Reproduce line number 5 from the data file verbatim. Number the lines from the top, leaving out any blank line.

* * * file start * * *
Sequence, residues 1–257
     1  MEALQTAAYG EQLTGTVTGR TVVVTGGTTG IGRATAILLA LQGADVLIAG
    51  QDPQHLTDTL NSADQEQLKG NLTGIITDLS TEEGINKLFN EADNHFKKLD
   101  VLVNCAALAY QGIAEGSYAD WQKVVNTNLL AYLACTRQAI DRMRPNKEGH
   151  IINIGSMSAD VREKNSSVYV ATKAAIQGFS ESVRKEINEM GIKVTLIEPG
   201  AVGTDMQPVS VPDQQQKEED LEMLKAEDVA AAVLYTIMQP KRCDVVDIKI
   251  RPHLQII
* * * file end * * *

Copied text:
   151  IINIGSMSAD VREKNSSVYV ATKAAIQGFS ESVRKEINEM GIKVTLIEPG